When Jørgen Knudstorp took over as CEO of the LEGO group in 2004, the toy company was in a state of decline. A lack of innovation and loss of market position led to the group posting their first loss in 1998. LEGO had lost sight of the needs of their customers. “We were not making toys that were sufficiently interesting to children. We failed to innovate enough,” commented executive vice-president of the group Mads Nipper (The Telegraph, 2009).
Realising a need to reconnect with their customers, LEGO launched programmes to engage users in the development of products. An online crowd-sourcing platform called ‘Cuusoo’ (Japanese for ‘dream’ or ‘wish’) allowed customers to interact, share and vote for ideas regarding the kind of products or services they would like to see LEGO implement. Opening lines of communication with users in this way enhanced engagement with their growing customer base and strategic developments came to be informed by the user community, propelling the company into greater sync with industry trends. Largely thanks to Cuusoo and other related projects, LEGO has come to be recognised as a world leader in toy innovation, boasting high levels of growth and posting a record profit of USD $1.87 billion in 2016.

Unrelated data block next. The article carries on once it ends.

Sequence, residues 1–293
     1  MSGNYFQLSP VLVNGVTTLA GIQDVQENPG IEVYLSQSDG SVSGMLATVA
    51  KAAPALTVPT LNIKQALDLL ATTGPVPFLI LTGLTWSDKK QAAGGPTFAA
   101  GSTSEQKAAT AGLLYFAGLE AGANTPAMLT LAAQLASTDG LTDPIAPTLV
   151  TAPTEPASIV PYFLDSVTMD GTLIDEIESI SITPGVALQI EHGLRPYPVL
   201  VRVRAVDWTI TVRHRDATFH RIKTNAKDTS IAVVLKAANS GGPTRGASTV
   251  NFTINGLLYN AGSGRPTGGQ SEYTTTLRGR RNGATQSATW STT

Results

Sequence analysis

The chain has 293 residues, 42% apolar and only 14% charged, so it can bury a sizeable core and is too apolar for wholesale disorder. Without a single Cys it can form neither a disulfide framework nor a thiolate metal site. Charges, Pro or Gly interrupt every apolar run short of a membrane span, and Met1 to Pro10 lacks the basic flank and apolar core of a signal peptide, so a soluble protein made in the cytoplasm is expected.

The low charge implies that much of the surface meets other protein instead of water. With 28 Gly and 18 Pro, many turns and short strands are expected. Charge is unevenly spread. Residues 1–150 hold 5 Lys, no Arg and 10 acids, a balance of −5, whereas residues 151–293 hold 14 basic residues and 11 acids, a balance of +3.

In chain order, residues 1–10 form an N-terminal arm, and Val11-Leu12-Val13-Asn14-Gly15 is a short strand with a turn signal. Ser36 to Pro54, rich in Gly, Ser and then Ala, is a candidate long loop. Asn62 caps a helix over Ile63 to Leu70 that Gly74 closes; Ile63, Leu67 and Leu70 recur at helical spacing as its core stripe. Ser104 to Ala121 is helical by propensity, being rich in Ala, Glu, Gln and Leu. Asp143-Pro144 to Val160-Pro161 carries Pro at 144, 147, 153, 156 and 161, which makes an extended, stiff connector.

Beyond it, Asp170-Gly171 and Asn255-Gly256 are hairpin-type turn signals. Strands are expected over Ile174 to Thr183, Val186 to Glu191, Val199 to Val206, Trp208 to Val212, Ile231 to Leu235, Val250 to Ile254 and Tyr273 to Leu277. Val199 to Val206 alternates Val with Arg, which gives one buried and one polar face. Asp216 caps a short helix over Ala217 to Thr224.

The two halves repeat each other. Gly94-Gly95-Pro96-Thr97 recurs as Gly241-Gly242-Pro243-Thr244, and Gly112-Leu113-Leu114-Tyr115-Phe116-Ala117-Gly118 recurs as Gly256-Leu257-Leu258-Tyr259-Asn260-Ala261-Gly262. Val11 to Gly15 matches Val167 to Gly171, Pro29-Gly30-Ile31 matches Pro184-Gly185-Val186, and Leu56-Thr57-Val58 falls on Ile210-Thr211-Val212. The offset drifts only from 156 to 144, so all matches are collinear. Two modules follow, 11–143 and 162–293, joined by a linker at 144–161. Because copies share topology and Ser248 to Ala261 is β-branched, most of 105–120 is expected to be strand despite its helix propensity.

The LEGO story, and others like it about ‘open innovation’, have important implications for implementation of strategy in the public sector.